However, if you check out a current map of Carlisle, you can find a place called Engine Lonning. This is the presumably trendy name given to a development in a former railway yard – surely not a lonning at all.
This demonstrates the perennial difficulty with words that exist in speech rather than in writing. They can be hard to pin down. But ‘lonning’, like so many such words, is not an archaism or a literary curiosity, just a piece of everyday vocabulary. A highway with a formal name is unlikely to be called a lonning, but a lonning can have an informal name, also known only to speakers as it would not appear generally in writing. NN would have known Aggie’s Lonning, on the outskirts of Millom (but who was Aggie?).
It also shows the way in which vocabulary used for describing places changes to accommodate the changing face of the landscape. I’ve a feeling that in the past there would have been many more locations known as lonnings than there are now. Gradually many of them will have become urbanised, developed, gained a hard surface, and then become known by a formal name bestowed by the council. Once a ‘proper’ name arrives, a lane’s origins as a lonning disappear and are forgotten.
Perhaps lonnings are better described as topographical features than place names. As a lonning changes, so its nomenclature may change. The descriptions used by NN are a moment frozen in time, when the lonnings were just right in their nature to be described that way. Something more formal would have been given a more formal name; something that didn’t quite measure up to lonning standard would have been called something else.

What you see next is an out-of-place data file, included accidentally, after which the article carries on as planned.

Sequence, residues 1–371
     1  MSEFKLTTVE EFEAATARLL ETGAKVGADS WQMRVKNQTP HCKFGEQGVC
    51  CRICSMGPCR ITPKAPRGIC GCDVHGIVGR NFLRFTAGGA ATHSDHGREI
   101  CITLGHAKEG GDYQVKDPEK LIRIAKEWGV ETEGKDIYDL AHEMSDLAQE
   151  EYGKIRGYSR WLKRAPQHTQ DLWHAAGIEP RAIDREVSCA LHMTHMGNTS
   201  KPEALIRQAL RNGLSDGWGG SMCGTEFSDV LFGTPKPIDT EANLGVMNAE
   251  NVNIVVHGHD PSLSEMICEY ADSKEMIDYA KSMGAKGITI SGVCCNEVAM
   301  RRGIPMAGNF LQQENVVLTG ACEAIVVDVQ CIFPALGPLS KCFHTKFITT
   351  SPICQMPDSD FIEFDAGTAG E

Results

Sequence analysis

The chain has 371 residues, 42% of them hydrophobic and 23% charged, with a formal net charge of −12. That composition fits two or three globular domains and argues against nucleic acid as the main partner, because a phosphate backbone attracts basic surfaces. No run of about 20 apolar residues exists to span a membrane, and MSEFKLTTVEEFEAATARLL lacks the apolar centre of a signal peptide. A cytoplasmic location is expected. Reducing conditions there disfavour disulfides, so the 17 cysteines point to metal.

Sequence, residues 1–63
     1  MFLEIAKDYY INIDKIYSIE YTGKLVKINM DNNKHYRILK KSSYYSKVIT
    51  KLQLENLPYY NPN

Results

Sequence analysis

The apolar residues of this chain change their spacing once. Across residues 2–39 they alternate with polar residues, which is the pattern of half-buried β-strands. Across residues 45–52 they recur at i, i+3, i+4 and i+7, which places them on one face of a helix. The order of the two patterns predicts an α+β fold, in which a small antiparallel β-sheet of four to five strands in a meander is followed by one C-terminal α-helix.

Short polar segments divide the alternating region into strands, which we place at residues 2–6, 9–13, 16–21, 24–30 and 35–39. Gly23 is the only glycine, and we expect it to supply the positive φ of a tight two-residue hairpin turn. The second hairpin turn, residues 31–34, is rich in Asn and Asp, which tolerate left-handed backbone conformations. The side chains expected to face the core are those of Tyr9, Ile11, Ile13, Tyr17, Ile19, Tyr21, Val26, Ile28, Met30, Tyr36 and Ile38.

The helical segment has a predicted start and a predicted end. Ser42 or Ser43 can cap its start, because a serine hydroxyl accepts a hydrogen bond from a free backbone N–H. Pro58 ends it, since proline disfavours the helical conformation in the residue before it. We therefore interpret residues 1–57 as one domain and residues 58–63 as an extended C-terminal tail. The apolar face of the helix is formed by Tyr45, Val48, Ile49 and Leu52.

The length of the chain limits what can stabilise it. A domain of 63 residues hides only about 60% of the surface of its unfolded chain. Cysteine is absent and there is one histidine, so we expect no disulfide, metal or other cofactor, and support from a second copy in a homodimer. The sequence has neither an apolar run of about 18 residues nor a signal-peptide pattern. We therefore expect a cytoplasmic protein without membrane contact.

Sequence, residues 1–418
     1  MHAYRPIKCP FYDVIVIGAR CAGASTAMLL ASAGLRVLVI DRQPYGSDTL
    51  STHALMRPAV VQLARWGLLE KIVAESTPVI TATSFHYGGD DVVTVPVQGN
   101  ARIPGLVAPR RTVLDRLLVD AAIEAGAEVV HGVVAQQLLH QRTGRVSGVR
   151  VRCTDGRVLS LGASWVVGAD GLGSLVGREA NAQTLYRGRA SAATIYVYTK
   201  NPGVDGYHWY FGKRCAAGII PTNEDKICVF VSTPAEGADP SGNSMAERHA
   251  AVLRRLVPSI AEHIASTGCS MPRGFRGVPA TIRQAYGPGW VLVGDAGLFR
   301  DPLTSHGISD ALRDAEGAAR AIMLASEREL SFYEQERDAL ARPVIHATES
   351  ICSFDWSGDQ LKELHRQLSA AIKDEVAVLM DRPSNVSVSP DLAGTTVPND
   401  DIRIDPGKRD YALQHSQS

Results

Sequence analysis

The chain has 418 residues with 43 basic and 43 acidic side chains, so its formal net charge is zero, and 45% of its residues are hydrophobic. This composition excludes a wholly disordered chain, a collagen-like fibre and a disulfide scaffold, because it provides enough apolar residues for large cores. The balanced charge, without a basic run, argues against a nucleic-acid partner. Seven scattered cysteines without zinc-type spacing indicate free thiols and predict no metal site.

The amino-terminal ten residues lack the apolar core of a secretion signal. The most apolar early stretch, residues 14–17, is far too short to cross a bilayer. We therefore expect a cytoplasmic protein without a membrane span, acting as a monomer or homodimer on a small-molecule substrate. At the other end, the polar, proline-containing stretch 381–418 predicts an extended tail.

So if lonnings in the landscape are a transitory or diminishing feature, we should treasure uses of the word in literature, especially when it occurs, as it does in NN’s work, in contexts where it adds so much to the image generated by the description.
WORD OF THE MONTH ARCHIVE
August 2015.....'jammy crane'
December 2014.....'mire' part 2
November 2014.....'mire, miry'
October 2014....... 'neb'
September 2014.... 'let'
If you – or someone you know – might wish to contribute a short article for this column, please do contact us. We are not only interested in dialect – or near-dialect – usage, but also in a focus on any word which might, in the context of Nicholson’s poetry, drama or prose, contribute to its particularity, to a sense of Northerness… Click HERE for our
Kathleen Morris’s article on January’s Word of the Month, ‘lonning’, reminded me of the ‘lonnin’ near where I grew up on the southern edge of Workington. As Kathleen notes, it was never given a final ‘g’ in speech. In fact we used it only in the plural, and would speak of going ‘up the lonnins’. A distinct short ‘i’ in the second syllable differentiates the word from the majority of present participles and gerunds ending in ‘- ing’: in those, most local speakers not only drop the ‘g’, but reduce the vowel to the neutral [ǝ] or, after some consonants, elide it altogether; so a boxer’s occupation is ‘fight’n’ and a sprinter’s, ‘runnen’.
‘The lonnins’ was a favourite haunt of courting couples, blackberry-pickers, and children, myself included. It was our entry point to open country, trees for climbing, a beck where we fished for ‘tiddlers’ (minnows) in jam-jars, hoping in defiance of experience that they would thrive. Broad, unsurfaced, stony and rutted, it led between field-hedges to a farm and beyond to what had once been a workhouse, later a ‘fever hospital’, and in my youth a geriatric annexe to the town’s infirmary, finally closing in the mid-1960s. The site, and all that semi-rural fringe of the town, was soon engulfed by building expansion. ‘The lonnins’ is long buried under tarmac; but a stroll up the lonnins of memory can transport me in a moment to scenes of childhood freedom and adventure.
Ann Thomson 4/2/17